Life has been impressing on me the finitude of humanity over the course of the last few years, starting from when I entered college and discovered there were far too many good things for me to actively participate in on a regular basis. I found choosing classes for each semester particularly agonizing, as there were always more than eighteen-credits worth I wished to take, and even if I took the max of eighteen credits it inevitably meant that to succeed at all of them I would be passing up other great aspects of college life.
I acknowledge that this was perhaps the best way to discover our finitude -- through an abundance of blessing and goodness -- and so pity, perhaps, might be hard to find, which I find understandable.
It's part of what I like to call the privileged, Western, post-modern problem. Whether or not it's really a Western problem, I'm not entirely sure -- like with most things, probably not exclusively. Same goes with post-modern. That being said, it's one you encounter over and over and over again among college and high school students of my generation in the United States. The whole, "what are you going to do?" question having a multitude of possible answers, with most people changing theirs at a rapid rate and changing majors to match.
In his book, The Road to Character, David Brooks sums up my generation (and probably a half generation to either side) by saying we're characterized by an inability to say 'No,' which leads to our inability to say one great, overwhelming 'Yes.' By and large I think this rings true for a lot of us. Not all, of course not, as few things seem to do that -- but for a lot of us.
In any case, I find that it rings true for me. With the exception of course, of my first and greatest yes being given to Jesus. That is true -- there is nothing I wouldn't leave in a heartbeat if I had a definitive word from the Lord to do so. I don't mean that in some sort of arrogant, "look how holy and devoted I am" kind of way. I simply mean that I'm not passionate about any one thing to the point where I couldn't give it up if Christ made it clear I needed to do so. Not acting, not writing, not sports, not anime, not movies, not good food, not coffee, not travel, not even reading. Of course you could say I've never had to go without any of those things indefinitely, and that's true. But I'm not here to argue about that.
To circle back around, I'm currently working a fairly flexible "internship." I'm fresh out of college, far from most of my college friends, not committed to any serious relationship with a woman and involved in few "extracurricular" activities. That's to say, I probably have more flexibility with how to spend my time than just about anybody out there.
That being said, I still feel this finitude all-too-clearly. I still feel I'm not getting as much time in the Word as I would like. I still feel I'm not reading as much as I would like. I'm not writing as much as I would like. I'm not watching anime as much as I would like. And I'm not acting at all, and doing minimal amounts of sports/time out of doors.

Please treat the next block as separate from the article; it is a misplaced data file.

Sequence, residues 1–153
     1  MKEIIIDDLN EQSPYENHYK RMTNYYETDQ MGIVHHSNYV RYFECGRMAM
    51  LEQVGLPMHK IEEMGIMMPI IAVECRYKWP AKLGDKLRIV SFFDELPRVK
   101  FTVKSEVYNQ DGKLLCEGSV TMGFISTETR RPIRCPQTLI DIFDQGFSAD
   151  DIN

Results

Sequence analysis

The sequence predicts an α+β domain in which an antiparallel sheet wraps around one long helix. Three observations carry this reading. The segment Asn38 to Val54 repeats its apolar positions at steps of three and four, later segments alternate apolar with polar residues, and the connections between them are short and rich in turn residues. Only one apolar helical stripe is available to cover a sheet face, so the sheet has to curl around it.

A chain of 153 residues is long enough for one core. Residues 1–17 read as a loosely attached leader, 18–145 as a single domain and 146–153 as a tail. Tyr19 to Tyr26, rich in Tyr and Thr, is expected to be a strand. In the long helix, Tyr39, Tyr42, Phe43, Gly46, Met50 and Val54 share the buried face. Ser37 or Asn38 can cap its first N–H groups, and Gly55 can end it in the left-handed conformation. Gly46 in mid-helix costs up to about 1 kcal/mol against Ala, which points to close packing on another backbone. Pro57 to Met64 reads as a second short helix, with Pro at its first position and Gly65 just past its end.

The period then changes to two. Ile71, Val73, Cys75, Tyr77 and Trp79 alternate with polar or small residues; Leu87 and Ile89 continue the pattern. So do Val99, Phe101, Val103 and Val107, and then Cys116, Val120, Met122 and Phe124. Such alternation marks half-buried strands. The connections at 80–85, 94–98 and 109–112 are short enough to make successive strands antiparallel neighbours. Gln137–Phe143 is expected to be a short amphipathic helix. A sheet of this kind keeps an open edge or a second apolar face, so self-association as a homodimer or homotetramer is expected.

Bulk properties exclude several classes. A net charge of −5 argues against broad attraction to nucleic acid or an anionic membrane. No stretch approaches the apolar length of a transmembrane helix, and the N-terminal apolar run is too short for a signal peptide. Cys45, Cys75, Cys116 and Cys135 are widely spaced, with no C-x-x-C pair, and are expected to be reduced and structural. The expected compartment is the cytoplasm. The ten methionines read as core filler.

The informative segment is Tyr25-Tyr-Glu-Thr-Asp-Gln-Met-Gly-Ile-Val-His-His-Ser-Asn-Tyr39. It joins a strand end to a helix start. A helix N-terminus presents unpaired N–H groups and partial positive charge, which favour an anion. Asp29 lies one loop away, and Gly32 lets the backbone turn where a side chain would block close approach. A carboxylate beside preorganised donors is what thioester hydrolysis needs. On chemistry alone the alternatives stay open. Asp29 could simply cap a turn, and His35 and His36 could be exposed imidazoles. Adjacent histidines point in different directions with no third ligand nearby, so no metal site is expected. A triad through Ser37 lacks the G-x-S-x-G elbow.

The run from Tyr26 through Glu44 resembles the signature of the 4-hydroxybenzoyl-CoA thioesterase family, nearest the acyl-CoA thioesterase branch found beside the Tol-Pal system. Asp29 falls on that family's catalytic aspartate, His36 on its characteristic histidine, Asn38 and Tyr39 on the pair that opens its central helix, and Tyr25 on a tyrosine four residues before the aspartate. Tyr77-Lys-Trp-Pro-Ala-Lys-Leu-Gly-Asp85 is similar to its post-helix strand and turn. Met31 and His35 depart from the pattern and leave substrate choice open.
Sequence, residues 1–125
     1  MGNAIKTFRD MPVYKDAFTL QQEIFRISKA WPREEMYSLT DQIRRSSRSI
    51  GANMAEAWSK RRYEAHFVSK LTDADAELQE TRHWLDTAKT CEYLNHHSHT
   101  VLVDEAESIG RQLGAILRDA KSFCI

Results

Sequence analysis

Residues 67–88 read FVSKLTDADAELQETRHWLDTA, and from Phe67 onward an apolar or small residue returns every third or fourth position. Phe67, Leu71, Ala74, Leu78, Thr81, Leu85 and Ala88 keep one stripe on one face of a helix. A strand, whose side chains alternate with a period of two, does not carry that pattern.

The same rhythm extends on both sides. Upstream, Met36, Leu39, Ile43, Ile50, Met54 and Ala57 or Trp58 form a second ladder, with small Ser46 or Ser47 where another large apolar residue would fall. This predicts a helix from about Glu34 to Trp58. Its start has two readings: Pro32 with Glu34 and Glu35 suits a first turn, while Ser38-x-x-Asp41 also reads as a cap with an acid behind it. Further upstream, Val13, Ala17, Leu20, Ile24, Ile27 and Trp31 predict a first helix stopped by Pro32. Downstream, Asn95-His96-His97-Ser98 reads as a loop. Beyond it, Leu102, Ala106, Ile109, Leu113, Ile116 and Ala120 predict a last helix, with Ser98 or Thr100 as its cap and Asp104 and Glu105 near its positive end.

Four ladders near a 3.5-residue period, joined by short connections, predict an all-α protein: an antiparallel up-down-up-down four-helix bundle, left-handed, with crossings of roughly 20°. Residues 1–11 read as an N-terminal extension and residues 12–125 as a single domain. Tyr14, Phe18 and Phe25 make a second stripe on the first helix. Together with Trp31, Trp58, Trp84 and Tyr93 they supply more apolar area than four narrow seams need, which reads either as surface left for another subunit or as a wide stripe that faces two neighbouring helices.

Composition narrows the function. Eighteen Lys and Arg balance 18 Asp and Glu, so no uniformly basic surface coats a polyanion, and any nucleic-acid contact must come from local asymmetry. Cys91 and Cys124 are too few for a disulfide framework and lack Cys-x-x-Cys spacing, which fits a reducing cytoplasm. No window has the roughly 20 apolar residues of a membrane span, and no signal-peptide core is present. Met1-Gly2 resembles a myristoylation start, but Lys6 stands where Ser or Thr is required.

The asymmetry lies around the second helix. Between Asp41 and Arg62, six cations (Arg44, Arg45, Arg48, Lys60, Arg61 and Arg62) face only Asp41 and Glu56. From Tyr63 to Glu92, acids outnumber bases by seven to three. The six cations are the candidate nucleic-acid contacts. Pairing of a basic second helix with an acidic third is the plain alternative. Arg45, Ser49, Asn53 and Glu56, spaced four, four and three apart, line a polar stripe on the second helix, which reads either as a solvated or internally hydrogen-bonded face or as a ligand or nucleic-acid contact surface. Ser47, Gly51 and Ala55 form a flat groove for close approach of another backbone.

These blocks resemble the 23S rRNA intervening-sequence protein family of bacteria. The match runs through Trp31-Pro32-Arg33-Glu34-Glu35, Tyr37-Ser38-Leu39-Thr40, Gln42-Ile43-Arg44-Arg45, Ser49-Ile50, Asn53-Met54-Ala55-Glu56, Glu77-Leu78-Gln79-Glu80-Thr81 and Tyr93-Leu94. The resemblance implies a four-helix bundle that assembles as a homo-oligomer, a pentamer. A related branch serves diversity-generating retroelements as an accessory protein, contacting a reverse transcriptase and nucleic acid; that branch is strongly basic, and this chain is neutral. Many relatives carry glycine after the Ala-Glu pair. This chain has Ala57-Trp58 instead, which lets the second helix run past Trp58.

I don't like to do things haphazardly. I like to be earnestly invested in the things I do. I like to pour myself into them. I have a thirst to do things excellently. Often, too great a thirst that I need to loosen my hands on. I want to fully invest myself in just a couple of things, and do those things to the best of my ability -- to be able to take pride in the "craft of my hands."
But I keep running into this inability to fully let some things go. Or if I do, I have to force myself to put them fully out of mind and make myself not care or desire to connect with it when it comes along. It's just so hard to invest yourself in one or two things, but still be open to receiving with open hands a good thing that turns up just for a brief season.
It strikes me that there's a deep need here for an ongoing, sensitive ear for what the Lord's doing in a particular season. To know where he would have you thrust your efforts for the time-being.
But this brings up so many difficult, far reaching questions and possible implications to possibly be tackled here.
I constantly find myself trying to craft some kind of ideal life/lifestyle/life setup that allows me to sit back with hands off and watch myself become what I want to become. But again and again I find this to not be possible, and to be something of a sick reflection of a Pharisaical religion that doesn't require ongoing relationship and engagement. But for someone (like the vast majority of people, I think) who likes to have things organized in some fashion and to have a good idea of where I'm going and some kind of framework for making sense of things, it's really hard to dwell in that place of peace free of striving to become. Free of that ambition to become great (maybe I would be in Slytherin house after all).
I say yes to Jesus, that goes without saying. But the thing, in part, is what does that look like? I think it's absolutely false that if you're passionate about Jesus you should necessarily go into Church ministry or across the world. But I also can't let myself shy away from that possibility simply because I know it's not necessitated.
An overwhelming 'yes' to Jesus is the only one required. But for some, that means an overwhelming yes in some way shape or fashion to something else as well. Not the kind of yes that means you would go to your death for it, or that it unseats Jesus somehow, but the kind of yes that requires much sacrifice and honing in on a particular thing -- for example, the world class athletes who shine for Christ at the Olympics, or the artists, or the politicians, or whoever.
How do I focus enough on the talents God has given me, honing them to excellence and using them for his glory, while holding them loosely enough that I do not lose sight of him in the pursuit? Lose sight of relationship and love?